NWC Simulation Lab
January 14, 2021

Designing an Immersive College Learning Environment

Designing an Immersive College Learning Environment

Immersive college learning environments are now understood in a virtual sense, so predominantly that they have a commonly recognized abbreviation: ILEs. The increasing prevalence and viability of virtual immersive learning environments has given rise to studies about the value of immersion to education that did not exist before.

What is an ILE?

ILE stands for ‘Immersive Learning Environment.’ It’s a broad term that refers to the way learning is organized for a group of learners. It indicates particular spatial design, as well as its materials and tools, social roles, pedagogies, learning goals and activities. Many of these spaces are also called ‘Maker Spaces,’ where the learning style is very DIY and hands-on.

These spaces should not be confused with “open-plan” environments. This is because open plan classroom designs are not necessarily adaptable to meet students’ learning needs, and in fact may constrain potential for learning and teaching.

Are ILEs Effective?

Theoretically, ILEs contribute to higher student achievement because they can more readily support the needs of learners. Interactive learning environments can also lead to more positive overall shifts in a student’s perception of learning. Interactive environments also increase the enjoyment and engagement of students. That’s because these spaces give students a greater ability to articulate their preferences for learning.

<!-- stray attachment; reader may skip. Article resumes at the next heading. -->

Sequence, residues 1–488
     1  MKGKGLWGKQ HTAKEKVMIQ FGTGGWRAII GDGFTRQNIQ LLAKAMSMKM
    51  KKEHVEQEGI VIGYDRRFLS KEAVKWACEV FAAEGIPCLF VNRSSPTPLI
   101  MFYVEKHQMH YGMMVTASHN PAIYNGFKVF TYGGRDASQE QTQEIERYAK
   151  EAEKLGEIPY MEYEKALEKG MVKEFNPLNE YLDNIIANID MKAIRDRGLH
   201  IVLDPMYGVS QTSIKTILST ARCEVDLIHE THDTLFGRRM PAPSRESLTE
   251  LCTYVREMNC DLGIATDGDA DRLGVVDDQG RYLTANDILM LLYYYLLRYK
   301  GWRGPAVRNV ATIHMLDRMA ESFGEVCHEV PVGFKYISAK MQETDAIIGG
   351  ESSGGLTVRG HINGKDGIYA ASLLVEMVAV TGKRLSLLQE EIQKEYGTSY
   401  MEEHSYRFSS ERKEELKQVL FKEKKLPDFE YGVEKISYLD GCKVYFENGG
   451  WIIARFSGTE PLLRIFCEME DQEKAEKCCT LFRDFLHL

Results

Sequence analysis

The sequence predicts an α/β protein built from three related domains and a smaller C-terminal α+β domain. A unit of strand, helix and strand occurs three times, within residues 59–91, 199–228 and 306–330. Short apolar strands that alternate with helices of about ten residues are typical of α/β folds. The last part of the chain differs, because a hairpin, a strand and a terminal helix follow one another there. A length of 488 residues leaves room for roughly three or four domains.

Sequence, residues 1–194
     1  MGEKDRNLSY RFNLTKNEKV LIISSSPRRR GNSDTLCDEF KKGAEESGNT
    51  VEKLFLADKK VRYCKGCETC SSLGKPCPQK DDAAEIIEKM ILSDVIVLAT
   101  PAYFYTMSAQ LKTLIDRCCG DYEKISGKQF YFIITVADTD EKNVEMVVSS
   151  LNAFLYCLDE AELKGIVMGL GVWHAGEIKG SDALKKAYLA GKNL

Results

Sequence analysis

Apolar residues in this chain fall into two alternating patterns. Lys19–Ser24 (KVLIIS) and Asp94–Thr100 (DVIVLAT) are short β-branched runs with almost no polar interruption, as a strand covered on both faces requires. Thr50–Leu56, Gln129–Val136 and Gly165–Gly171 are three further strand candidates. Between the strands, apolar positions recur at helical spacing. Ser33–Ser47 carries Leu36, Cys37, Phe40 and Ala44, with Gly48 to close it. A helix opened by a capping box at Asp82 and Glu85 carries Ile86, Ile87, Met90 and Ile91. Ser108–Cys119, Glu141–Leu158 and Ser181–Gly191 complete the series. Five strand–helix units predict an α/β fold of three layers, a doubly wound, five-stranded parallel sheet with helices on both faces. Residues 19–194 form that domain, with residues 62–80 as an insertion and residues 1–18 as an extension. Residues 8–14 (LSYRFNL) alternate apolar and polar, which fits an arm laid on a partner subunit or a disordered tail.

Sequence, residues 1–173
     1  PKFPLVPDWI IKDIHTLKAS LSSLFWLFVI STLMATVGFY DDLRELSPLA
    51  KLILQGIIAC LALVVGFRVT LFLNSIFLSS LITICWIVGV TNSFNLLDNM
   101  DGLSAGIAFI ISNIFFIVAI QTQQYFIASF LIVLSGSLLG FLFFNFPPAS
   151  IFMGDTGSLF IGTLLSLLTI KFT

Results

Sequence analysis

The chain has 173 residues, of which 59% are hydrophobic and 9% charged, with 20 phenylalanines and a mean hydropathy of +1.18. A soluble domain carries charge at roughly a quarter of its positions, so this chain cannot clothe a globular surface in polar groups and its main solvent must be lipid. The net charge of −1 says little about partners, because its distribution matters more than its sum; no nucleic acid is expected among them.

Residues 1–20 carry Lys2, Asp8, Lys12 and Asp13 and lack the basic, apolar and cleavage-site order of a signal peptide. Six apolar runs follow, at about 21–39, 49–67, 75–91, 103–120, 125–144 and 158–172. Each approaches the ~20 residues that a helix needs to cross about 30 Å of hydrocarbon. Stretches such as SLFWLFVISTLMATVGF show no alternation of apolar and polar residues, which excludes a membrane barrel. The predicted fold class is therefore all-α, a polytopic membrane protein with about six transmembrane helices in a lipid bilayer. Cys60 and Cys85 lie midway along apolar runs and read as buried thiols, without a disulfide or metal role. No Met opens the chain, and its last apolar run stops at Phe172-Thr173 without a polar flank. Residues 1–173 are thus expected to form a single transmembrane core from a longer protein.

Interactive Learning Environments have been implicated in a range of outcomes, including an increase in the spectrum of active, student-centered, personalized and collaborative learning experiences!

Unfortunately, assessing the true impact of ILE designs is a challenge. That’s because of the multi-faceted nature of learning environments and the variety of teaching and learning programs implemented within them. But from a high level, it’s clear that these environments have very positive effects on students, giving them the chance to practice what they’re being taught.

Better Collaboration Leads to More Immersion

Ultimately, to increase levels of immersion in higher education, we first need a higher degree of collaboration among faculty to address the wide array of learning paths which will take some effort. However, investing our efforts into realizing fully immersive, hands-on learning environments is well worth it!

These environments are giving universities the power to make learning more powerful and practical for everyone. Would you consider incorporating ILEs on your campus?

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